Positive Developments & Achievements

Civil society organisations have praised Estonia for the increased independence of the justice system. The survey of the European Network of Councils for the Judiciary shows that Estonian judges consider the judiciary in Estonia to have a higher-than-average level of independence than in other European countries. 


According to the 2023 EU Justice Scoreboard, the length of proceedings continues to be among the shortest in the EU27. Overall, the advanced digitalisation of justice has allowed the courts to remain consistently efficient over recent years. Additionally, more judges have been appointed to alleviate the judicial workload. 

Rankings and Surveys

Expert Recommendations

European Commission, Rule of Law Report, 2023

No recommendations concerning the justice system 

GRECO, Fourth Evaluation Round, Second Compliance Report, Corruption Prevention, 2017

Adopted by GRECO at its 76th Plenary Meeting (Strasbourg, 19-23 June 2017)

Recommendation viii.
39. GRECO recommended that (i) decisions on appointment to the post of first and second instance court judge be subject to independent appeal procedure; and (ii) objective criteria for the professional advancement of judges be introduced with the aim of enhancing its uniformity, predictability and transparency [partly implemented] 

Recommendation xi.
45. GRECO recommended that additional measures be put in place to ensure an effective supervision of economic interests’ declarations filed by judges pursuant to the Anti-Corruption Act [implemented satisfactorily]

Recommendation xix.
53. GRECO recommended that dedicated and on-going training programmes, supported by relevant materials, for prosecutors be developed focusing on professional ethics, conflicts of interest (including recusal and withdrawal), rules concerning gifts, hospitality and other advantages, declarations of interests and other corruption awareness and prevention measures [implemented satisfactorily]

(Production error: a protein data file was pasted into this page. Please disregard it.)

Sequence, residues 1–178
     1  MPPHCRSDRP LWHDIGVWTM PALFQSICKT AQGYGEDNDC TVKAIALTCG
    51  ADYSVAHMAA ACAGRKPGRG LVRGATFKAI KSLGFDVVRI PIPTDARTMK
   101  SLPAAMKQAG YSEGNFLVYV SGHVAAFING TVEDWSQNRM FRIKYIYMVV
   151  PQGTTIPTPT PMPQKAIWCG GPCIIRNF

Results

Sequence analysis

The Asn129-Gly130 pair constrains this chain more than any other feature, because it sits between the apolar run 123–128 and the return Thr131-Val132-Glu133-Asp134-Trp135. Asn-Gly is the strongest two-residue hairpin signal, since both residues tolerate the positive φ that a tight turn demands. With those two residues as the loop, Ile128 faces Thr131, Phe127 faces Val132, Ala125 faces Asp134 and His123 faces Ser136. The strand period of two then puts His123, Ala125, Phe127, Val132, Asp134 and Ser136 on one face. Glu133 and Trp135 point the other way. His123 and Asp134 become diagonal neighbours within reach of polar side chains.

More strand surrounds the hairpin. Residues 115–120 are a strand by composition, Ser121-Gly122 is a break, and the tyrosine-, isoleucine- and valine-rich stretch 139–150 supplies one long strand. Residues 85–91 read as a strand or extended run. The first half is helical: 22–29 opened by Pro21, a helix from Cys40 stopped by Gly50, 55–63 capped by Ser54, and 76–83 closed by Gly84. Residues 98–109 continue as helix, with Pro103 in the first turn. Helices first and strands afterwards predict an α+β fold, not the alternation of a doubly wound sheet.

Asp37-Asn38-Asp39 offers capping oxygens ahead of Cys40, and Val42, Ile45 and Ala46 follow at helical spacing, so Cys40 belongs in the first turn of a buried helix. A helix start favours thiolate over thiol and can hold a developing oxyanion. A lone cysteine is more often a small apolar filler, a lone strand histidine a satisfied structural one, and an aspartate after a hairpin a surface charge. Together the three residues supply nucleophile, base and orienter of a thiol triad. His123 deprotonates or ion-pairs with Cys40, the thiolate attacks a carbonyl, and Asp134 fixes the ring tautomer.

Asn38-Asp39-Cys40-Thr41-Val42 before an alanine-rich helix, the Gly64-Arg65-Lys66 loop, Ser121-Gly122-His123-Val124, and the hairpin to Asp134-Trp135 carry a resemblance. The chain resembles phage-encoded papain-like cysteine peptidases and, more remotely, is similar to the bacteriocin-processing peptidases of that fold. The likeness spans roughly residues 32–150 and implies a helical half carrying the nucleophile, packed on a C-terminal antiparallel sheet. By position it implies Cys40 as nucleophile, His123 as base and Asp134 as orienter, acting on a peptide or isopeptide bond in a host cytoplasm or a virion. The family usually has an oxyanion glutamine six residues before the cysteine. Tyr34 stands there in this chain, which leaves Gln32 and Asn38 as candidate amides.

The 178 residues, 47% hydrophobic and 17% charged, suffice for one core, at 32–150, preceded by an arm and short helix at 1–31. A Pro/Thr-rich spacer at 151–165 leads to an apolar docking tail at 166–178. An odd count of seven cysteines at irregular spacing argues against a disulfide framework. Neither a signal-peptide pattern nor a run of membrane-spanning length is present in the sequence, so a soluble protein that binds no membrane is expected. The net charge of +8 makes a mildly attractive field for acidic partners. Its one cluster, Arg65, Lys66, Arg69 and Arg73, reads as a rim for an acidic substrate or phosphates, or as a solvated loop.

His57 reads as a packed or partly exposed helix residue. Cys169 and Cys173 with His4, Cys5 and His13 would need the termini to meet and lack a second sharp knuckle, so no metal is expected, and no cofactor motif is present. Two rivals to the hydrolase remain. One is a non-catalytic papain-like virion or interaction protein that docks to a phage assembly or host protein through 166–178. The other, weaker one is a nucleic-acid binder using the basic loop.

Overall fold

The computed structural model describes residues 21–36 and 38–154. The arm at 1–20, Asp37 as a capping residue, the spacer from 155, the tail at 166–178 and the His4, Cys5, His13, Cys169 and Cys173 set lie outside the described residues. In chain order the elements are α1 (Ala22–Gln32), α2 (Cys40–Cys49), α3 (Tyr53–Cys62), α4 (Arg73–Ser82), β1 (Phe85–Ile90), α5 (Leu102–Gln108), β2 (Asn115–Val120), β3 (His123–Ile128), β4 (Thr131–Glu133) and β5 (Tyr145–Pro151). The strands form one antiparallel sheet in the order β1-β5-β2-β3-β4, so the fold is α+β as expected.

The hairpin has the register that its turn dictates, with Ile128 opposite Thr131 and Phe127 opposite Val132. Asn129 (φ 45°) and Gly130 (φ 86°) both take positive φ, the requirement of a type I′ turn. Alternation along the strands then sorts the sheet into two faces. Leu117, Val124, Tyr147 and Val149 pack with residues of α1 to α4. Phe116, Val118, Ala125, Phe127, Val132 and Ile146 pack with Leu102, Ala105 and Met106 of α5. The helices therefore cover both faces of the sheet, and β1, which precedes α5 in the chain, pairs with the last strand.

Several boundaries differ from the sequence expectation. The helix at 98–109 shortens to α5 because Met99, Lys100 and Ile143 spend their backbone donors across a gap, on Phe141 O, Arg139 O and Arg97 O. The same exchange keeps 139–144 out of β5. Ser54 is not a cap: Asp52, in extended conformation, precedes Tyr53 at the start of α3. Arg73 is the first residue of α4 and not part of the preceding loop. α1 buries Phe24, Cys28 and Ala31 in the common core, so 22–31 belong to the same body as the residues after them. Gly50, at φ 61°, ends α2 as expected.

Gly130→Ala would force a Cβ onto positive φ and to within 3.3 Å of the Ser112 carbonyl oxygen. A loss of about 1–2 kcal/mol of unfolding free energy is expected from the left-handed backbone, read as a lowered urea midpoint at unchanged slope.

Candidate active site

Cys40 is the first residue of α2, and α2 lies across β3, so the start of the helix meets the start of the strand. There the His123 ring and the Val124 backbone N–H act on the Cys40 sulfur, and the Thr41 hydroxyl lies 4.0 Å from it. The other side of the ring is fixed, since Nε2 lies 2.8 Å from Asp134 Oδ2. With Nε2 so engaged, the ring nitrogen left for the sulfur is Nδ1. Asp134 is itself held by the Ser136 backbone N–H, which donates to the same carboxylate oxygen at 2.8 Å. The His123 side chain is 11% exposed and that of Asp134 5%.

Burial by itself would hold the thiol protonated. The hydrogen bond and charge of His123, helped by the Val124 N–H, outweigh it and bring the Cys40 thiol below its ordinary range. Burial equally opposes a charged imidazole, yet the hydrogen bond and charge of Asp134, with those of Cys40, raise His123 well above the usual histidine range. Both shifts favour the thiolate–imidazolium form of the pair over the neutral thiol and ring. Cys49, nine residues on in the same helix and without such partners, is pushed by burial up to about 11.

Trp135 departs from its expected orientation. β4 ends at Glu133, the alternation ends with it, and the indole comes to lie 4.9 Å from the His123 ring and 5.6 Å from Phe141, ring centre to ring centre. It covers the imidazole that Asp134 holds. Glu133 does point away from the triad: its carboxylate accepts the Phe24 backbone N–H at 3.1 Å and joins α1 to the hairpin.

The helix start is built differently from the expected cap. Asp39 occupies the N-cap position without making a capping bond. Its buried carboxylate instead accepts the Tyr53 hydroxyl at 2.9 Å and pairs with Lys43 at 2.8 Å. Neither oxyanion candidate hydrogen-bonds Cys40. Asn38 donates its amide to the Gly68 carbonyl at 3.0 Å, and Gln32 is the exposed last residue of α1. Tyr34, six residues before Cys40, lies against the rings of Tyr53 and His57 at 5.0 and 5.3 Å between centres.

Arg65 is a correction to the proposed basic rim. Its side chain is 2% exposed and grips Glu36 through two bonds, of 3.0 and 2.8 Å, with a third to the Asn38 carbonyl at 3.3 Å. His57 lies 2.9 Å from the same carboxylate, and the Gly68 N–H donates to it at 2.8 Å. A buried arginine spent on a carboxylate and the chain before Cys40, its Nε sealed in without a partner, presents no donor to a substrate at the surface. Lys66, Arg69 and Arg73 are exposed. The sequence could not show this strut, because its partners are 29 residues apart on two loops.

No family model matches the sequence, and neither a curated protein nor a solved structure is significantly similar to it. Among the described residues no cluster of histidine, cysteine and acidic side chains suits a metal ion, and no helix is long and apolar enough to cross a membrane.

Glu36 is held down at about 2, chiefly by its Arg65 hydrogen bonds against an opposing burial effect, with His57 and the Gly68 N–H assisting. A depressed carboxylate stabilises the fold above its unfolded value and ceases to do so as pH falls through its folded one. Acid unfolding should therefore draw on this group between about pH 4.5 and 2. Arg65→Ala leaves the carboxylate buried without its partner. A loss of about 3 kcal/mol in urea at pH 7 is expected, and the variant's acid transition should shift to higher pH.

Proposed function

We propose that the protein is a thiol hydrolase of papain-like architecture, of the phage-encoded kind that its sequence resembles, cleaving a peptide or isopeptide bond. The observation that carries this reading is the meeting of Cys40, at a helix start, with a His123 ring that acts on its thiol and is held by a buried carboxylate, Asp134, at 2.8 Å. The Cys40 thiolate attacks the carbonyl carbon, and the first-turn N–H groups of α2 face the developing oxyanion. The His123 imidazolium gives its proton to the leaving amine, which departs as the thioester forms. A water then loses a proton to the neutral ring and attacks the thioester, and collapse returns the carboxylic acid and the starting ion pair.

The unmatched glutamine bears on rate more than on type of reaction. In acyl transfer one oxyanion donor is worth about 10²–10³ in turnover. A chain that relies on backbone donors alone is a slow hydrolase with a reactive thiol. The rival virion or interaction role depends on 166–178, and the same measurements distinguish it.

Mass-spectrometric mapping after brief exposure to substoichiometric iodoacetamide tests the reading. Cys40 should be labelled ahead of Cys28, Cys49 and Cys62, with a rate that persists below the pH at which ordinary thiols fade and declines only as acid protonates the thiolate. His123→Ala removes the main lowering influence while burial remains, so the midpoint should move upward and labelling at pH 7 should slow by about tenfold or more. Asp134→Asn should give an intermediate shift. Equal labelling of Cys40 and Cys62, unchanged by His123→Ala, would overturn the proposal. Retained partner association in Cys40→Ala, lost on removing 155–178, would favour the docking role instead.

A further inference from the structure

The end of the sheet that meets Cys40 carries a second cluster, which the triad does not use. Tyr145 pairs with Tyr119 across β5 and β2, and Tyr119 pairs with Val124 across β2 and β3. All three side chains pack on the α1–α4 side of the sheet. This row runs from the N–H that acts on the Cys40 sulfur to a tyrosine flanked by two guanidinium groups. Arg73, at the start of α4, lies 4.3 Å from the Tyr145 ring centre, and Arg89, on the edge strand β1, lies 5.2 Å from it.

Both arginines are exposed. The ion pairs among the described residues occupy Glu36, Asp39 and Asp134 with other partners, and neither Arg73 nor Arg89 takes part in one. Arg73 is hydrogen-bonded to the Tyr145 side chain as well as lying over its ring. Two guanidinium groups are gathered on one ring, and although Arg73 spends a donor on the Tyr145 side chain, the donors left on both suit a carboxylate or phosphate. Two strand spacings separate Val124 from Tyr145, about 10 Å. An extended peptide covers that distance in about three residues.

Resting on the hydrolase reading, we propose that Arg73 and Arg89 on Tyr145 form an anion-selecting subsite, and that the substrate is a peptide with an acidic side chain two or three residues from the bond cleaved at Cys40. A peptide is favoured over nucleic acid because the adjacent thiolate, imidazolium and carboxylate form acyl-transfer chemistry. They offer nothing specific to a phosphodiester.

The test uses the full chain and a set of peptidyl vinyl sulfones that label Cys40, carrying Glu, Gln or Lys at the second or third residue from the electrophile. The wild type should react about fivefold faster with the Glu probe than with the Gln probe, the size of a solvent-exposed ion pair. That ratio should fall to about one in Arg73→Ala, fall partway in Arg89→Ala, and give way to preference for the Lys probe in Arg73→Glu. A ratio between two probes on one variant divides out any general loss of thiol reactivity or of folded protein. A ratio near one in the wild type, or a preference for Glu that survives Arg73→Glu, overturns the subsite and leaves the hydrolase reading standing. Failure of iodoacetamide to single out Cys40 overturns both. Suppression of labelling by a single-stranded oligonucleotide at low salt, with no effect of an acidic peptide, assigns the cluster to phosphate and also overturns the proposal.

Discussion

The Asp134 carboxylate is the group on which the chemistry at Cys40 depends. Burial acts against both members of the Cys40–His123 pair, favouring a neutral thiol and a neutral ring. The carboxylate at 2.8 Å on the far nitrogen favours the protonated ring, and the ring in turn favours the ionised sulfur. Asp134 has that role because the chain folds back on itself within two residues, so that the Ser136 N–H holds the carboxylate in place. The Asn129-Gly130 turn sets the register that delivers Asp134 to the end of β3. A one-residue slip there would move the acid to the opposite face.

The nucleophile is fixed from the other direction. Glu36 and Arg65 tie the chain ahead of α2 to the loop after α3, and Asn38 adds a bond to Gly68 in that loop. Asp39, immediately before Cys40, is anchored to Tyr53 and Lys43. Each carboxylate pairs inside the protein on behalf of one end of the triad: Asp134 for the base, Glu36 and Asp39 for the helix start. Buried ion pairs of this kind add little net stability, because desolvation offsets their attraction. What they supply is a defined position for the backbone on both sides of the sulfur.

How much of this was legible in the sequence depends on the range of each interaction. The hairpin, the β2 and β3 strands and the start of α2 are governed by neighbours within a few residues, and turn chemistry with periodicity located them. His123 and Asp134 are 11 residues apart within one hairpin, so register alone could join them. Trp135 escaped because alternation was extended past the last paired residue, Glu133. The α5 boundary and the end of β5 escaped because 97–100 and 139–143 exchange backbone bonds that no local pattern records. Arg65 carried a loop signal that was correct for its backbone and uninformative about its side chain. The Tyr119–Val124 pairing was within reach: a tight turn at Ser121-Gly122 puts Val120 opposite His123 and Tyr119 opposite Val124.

Liberties, chapter on Estonia

Key recommendations  

  • The Ministry of Justice, in cooperation with the Estonian Bar Association and other relevant stakeholders, needs to take urgent action to find a solution to the state legal aid crisis. 
  • The government should implement the recommendations of the Estonian Council for Administration of Courts to create more circuit court judge positions and increase court officials’ salaries

Compliance with European Courts' Judgements

Court of Justice of the European Union (CJEU)

State Performance


Number of unimplemented CJEU rulings related to the judiciary

European Court of Human Rights (ECtHR)

State Performance

Very good

Implementation record


Number of leading judgments pending implementation Very Low

14 %

Percentage of leading judgements from the last 10 years still pending implementation Low



Average time leading judgments have been pending implementation Very Low
Non-Implementation of European Courts Judgments and the Rule of Law | EIN & DRI

Judgements with pending implementation

Selected on relevance to the judiciary / rule of law

Sargava v Estonia


This case concerns the lack of sufficient procedural safeguards to protect privileged data during the seizure and the subsequent examination of a lawyer’s laptop and mobile telephone in 2018 (violation of Article 8).

An action report was received on 2/01/2023.

Legislative amendments: Following this judgment, the Ministry of Justice prepared the possible legislative amendments and forwarded them to the interested groups, including the Estonian Bar Association and State Prosecutor’s Office, for perusal, analysis and feedback. After it has concluded the preparations, the draft law has to be approved by the Government and then it will be for the Estonian Parliament to adopt the amendments.

View case details

Application no. 698/19